“It (the fires) was a bad thing for us,” Zimnoch said. “I don’t even like thinking about it. I’d like to see some closure.”

Ward 3 City Councilor Owen Freeman-Daniels said he, too, was disappointed in the change of venue.

“It would have been easy for Ward 3 to see the trial if it was here in Northampton, but I understand the decision,” Freeman-Daniels said.

Freeman-Daniels said he believes the community is holding its breath about the trial’s outcome, especially after portions of Baye’s police interview were ruled inadmissible.

“I think the community is putting its collective consciousness into the trial from the outside,” he said.

Closure is a key point for many.

“This has been a long siege for the people of Ward 3,” said Gerald Budgar, president of the Ward 3 Neighborhood Association who lives at 127 Bridge St. “There’s a sense that it’s time for this to come to conclusion. It’s been a long haul with a lot of ugly memories.”

Though many of his fellow residents had expressed an interest in attending the trial, Budgar said it’s unlikely he’ll make an appearance.

“It was tough enough to live through it and I’m not sure I want to relive it,” he said.

Several Ward 3 residents declined to comment on the Baye case Sunday afternoon, either because the case was “too raw” or because they did not want to speak about the Baye family.

“We know the family so we wouldn’t want to comment,” said one woman who lives not far from the Baye home on Hawley Street.

In court last week, Northwestern District Attorney David Sullivan argued that roughly 90 witnesses and 40 victims who will testify during the course of the two-week trial would be extremely inconvenienced by the venue change. Sweeney said she made the decision for logistical reasons, not to inconvenience or create a hardship for anyone.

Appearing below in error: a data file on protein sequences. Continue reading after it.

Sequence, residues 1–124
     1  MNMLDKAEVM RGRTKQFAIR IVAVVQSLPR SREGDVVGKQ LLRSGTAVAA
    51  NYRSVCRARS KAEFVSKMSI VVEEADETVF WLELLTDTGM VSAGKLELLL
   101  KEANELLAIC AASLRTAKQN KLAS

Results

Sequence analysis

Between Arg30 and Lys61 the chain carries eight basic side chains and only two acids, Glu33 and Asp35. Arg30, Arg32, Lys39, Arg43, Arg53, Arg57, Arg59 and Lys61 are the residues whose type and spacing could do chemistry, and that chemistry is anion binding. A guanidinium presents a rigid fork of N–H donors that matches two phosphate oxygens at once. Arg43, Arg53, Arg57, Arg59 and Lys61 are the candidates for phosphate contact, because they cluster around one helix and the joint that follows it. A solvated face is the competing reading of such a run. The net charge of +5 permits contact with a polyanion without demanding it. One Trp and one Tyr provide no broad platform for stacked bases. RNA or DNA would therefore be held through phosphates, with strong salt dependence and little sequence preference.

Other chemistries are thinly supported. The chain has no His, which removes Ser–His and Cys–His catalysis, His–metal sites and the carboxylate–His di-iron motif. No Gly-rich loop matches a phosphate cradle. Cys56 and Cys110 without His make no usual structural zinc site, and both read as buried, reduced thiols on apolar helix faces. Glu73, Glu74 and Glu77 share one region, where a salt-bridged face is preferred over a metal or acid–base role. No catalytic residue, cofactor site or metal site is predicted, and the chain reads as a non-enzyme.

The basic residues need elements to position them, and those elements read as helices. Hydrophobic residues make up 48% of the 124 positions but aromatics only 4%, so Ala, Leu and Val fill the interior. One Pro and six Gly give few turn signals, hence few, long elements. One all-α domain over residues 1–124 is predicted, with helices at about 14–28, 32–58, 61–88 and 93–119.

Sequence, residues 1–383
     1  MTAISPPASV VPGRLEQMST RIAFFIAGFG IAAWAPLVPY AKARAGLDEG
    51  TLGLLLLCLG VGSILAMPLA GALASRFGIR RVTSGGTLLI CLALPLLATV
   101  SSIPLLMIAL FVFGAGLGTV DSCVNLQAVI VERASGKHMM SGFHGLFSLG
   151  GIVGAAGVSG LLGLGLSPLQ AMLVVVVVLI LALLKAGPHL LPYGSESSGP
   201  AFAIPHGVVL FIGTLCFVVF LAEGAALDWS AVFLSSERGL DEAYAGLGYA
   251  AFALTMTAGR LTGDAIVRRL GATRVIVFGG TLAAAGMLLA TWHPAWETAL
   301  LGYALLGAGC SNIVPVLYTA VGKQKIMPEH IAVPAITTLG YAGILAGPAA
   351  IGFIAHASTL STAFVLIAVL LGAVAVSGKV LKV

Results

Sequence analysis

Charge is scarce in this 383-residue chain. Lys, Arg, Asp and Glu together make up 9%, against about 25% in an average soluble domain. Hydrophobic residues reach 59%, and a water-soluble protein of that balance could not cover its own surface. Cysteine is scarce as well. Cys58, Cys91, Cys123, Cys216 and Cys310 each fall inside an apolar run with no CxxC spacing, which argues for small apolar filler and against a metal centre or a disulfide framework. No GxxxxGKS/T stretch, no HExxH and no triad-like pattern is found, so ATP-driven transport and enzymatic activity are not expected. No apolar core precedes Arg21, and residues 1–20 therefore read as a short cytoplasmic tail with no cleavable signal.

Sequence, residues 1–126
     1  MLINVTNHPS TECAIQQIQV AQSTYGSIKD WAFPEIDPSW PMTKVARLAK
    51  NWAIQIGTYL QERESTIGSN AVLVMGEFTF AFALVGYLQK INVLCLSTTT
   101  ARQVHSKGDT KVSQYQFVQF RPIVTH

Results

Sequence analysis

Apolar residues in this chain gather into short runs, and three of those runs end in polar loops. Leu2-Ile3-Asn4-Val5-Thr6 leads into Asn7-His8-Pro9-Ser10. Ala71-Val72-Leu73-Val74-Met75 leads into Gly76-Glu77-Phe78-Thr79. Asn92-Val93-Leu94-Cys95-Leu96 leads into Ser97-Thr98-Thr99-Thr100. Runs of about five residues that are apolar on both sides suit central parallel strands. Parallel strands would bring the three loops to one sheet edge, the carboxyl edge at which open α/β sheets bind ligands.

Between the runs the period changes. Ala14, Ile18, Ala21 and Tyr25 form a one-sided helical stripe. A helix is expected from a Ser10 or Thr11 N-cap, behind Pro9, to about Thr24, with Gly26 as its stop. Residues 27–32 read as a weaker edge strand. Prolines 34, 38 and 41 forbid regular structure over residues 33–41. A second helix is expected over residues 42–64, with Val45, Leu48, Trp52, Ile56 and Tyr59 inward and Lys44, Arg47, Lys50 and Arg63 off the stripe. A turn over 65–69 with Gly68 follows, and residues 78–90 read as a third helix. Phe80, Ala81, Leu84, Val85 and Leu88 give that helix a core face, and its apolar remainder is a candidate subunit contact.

One of the witnesses is Glenn Siegel, who lost his home on Union Street the night of the fires. Siegel said it’s less convenient for him, but added that it’s not a huge deal because he only has to testify once.

“If the judge thinks she can get a fairer trial, then I understand why,” said Siegel, who has moved back to Ward 3 and now lives on Bridge Street.

North Street resident Joan Rasool said she was surprised about the location change and expressed concern that moving the trial south will diminish participation from Ward 3 residents. She felt Baye would have received a fair trial in Northampton, but she can support the extra precaution if it helps lead to a fair trial.

“There’s a lot of concern in the neighborhood about this trial,” said Rasool, of 96 North St. “It seemed like an overabundance of caution, but I want to give them the benefit of the doubt.”

Zimnoch was one of the first people at the courthouse in Springfield on Monday to watch an early hearing and the start of jury selection.

“It’s an event that’s unlike anything that has happened in quite a while,” he said.

In the end, Zimnoch believes the courts are doing all they can to make sure the proceedings are just for Baye.

“I don’t know what will happen, but he is getting a fair trial,” he said.